Jordan Spieth doesn’t often watch highlights of old tournaments, but he indulged himself on Monday night before Virginia and Texas Tech faced off in the NCAA tournament title game. His father asked if he wanted to switch from pregame coverage to Golf Channel’s re-airing of the 2015 Masters. That, of course, is when he won by four and tied the tournament scoring record, then followed that up by winning the very next major, the U.S. Open … all before his 22nd birthday. They flipped to the broadcast and left it on in the background, Jordan’s coronation serving as white noise while the Spieth boys played cards.
The younger Spieth remembers virtually every shot from that day—“the highest of highs I’ve had in the sport”—but even half-watching the broadcast jolted his memory as to just how transcendent that performance was.
“The funniest thing about watching it was seeing how many putts were holed by Phil, or someone holing a bunker shot, or Tiger gave a big fist pump on one hole. It was just funny listening to, ‘he makes a big putt and gets to six back! I’m like, wow. I was way up there. I’m really tearing that place up.”
He was, in the truest sense, alone at the top.
Things are a bit different now.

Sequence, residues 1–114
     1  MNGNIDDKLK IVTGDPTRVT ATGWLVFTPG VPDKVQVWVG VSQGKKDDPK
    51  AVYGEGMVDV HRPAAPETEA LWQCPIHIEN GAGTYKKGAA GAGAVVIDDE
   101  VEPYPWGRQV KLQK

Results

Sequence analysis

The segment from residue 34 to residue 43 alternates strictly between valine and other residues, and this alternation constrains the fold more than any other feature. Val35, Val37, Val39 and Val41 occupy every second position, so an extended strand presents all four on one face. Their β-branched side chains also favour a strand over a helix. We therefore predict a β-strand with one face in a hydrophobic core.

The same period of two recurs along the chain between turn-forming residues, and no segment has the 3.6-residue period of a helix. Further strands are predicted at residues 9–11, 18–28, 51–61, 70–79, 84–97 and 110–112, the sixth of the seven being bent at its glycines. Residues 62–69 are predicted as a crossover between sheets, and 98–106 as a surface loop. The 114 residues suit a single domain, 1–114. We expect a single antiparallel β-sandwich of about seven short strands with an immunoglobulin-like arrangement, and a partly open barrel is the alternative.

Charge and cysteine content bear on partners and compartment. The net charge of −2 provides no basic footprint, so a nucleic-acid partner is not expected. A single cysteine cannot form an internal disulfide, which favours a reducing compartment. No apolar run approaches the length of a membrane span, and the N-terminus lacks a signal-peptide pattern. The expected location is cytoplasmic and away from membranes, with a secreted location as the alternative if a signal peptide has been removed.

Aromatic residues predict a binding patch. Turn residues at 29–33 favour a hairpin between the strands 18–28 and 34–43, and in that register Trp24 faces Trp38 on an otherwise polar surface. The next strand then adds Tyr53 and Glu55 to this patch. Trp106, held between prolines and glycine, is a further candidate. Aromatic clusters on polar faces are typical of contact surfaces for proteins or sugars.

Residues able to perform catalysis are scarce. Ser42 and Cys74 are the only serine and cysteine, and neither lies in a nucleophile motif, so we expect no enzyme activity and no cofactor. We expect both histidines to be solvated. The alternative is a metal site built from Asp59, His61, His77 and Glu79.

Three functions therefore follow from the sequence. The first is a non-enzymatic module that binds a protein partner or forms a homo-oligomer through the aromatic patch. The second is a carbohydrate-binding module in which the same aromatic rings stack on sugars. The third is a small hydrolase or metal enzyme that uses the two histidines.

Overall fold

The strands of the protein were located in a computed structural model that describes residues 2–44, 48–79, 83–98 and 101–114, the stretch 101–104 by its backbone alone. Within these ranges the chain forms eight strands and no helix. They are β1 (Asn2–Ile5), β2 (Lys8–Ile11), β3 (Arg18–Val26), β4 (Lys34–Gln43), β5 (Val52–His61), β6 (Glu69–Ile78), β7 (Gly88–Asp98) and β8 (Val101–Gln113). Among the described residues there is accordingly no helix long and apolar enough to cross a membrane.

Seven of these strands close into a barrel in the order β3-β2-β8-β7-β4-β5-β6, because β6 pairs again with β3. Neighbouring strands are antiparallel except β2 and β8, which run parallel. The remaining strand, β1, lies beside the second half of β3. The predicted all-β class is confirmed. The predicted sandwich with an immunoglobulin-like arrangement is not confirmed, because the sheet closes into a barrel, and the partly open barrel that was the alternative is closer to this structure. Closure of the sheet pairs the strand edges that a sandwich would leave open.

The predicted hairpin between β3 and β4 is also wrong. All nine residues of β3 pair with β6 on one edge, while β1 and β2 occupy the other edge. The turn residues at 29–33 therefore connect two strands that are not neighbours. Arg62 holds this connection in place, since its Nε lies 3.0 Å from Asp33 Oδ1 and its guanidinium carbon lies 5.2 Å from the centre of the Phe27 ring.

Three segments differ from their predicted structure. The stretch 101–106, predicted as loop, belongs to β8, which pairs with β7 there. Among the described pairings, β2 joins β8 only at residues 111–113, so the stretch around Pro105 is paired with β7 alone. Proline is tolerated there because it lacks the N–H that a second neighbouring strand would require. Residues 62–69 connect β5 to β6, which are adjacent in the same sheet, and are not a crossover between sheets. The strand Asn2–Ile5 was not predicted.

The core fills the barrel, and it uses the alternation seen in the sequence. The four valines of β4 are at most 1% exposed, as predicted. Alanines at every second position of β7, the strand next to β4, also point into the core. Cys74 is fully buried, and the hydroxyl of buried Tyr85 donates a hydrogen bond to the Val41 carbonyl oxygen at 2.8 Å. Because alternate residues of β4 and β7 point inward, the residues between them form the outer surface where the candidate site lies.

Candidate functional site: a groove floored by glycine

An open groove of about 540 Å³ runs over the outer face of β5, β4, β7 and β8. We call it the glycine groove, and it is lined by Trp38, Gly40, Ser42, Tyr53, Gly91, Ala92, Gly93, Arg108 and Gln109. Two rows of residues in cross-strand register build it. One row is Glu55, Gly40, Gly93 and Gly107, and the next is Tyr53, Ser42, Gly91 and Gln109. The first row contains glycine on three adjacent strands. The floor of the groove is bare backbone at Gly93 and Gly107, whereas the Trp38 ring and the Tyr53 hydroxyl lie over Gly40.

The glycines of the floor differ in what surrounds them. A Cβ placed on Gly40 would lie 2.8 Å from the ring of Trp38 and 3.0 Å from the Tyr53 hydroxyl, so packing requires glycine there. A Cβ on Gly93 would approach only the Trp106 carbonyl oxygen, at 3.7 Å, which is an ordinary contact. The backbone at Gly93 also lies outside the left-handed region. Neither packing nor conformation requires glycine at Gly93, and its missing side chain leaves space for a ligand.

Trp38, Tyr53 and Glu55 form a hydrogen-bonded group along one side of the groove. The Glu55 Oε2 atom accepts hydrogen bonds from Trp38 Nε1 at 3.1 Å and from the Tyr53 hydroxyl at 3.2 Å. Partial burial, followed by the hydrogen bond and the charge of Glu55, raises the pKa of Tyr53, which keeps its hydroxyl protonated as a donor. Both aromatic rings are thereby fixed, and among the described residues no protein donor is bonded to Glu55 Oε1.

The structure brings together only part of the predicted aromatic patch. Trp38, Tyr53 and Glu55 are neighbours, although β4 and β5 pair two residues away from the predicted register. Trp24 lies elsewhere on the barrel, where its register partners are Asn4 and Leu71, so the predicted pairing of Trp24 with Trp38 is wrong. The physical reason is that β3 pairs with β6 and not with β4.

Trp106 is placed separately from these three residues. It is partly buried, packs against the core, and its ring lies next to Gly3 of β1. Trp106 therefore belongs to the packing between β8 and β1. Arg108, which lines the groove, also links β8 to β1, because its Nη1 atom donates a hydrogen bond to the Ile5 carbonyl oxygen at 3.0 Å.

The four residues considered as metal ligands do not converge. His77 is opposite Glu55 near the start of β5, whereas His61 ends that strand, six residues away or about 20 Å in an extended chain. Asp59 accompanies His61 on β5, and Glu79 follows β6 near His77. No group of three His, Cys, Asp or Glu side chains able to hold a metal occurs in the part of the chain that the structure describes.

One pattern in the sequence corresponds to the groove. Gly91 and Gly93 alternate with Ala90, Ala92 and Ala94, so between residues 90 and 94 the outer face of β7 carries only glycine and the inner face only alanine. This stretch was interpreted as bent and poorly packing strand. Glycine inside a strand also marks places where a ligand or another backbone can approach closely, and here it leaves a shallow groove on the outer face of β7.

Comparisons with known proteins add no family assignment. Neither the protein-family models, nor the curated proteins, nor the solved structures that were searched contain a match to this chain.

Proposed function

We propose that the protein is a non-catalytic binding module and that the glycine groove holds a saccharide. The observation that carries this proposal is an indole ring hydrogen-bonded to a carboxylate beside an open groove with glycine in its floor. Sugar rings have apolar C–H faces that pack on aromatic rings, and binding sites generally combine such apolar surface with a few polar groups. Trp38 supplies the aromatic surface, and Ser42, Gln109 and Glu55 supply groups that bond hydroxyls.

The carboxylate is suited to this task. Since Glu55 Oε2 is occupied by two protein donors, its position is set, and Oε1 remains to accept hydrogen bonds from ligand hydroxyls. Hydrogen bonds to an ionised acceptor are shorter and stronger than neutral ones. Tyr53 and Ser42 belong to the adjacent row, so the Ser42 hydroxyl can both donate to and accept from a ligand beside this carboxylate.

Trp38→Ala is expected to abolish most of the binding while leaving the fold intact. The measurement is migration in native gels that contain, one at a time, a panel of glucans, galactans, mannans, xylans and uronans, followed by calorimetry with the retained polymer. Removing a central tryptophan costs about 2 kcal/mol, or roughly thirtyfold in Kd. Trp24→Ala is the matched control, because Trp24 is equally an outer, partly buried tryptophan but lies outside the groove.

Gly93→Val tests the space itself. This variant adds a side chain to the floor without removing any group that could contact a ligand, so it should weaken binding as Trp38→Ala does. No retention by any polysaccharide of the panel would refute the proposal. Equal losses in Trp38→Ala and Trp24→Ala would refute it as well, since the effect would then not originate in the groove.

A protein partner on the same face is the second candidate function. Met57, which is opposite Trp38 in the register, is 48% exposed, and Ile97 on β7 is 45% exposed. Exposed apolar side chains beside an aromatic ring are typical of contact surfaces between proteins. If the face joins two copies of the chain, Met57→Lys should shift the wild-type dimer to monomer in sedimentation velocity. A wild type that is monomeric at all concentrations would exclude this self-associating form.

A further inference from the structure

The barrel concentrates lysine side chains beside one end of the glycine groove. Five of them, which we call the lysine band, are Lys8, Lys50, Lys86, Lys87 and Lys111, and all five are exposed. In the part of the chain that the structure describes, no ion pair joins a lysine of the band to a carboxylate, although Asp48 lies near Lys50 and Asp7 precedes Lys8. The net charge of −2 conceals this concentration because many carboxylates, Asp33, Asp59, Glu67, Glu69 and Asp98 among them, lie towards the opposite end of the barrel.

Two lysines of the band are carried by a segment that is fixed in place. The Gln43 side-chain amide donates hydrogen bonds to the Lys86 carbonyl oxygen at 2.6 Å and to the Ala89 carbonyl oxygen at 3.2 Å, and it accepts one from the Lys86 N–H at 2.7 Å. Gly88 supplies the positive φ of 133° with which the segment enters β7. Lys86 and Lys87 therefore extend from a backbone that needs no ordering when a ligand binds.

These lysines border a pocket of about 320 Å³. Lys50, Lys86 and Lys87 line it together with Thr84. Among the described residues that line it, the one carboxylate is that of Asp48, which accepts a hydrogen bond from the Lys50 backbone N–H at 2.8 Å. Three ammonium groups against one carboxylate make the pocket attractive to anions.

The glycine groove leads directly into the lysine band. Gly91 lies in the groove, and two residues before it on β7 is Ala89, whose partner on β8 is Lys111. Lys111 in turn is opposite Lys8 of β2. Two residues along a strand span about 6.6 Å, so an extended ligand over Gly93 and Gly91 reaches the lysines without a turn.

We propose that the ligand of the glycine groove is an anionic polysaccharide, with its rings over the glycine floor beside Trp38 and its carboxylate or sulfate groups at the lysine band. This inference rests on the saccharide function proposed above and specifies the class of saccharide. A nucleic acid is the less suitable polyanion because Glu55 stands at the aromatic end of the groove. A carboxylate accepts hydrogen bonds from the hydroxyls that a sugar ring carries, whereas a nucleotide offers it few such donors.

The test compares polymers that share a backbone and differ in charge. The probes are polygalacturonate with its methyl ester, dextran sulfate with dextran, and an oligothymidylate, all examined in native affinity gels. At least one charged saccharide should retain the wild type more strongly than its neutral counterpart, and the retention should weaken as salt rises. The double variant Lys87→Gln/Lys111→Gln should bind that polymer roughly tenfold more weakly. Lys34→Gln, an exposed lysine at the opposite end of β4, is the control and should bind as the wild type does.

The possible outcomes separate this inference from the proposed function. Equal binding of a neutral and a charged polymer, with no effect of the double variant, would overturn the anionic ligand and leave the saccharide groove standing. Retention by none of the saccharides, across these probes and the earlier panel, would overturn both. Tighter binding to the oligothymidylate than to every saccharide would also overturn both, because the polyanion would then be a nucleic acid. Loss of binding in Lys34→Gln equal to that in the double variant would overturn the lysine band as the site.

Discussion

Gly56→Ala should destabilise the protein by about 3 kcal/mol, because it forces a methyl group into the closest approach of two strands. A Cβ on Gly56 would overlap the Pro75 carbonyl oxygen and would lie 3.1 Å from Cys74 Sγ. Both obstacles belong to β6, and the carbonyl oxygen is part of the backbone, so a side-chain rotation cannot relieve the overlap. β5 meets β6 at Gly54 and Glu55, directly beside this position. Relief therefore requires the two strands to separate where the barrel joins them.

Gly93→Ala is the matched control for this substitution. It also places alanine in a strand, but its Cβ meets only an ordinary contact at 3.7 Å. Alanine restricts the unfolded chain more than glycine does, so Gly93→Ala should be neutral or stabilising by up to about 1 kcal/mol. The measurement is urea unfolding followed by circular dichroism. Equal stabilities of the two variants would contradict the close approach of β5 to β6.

Four years later, Spieth, now a grizzled veteran at 25, comes back to his favorite tournament in the world, the site of his greatest triumph—but also his toughest-ever three minutes on a golf course, when he hit two balls in the water on 12 to throw away the 2016 tournament—as the world No. 33 player. There are 16 Americans ranked higher. Rafa Cabrera Bello and Cameron Smith and Gary Woodland and Patrick Cantlay are ranked higher than the (at least at one point) heir apparent to Tiger Woods.
The world rankings don’t care what your name is or what your golf resume includes. It’s an algorithm, and Spieth’s submissions to said algorithm have bordered on shocking. He has no top-10 finishes since last year’s British Open, 15 events ago. He has not won a tournament since July 2017. He has yet to put together an under-par weekend all season. He is 109th in scoring average, 148th in strokes gained overall and 170th in the FedEx Cup standings.
For what it’s worth, he’s not deterred.
“I feel great about the state of my game right now,” Spieth said with earnest conviction. “I feel like my recent results aren’t a tell of where my game is actually at, and I feel I’ve made a lot of strides in the last couple days.”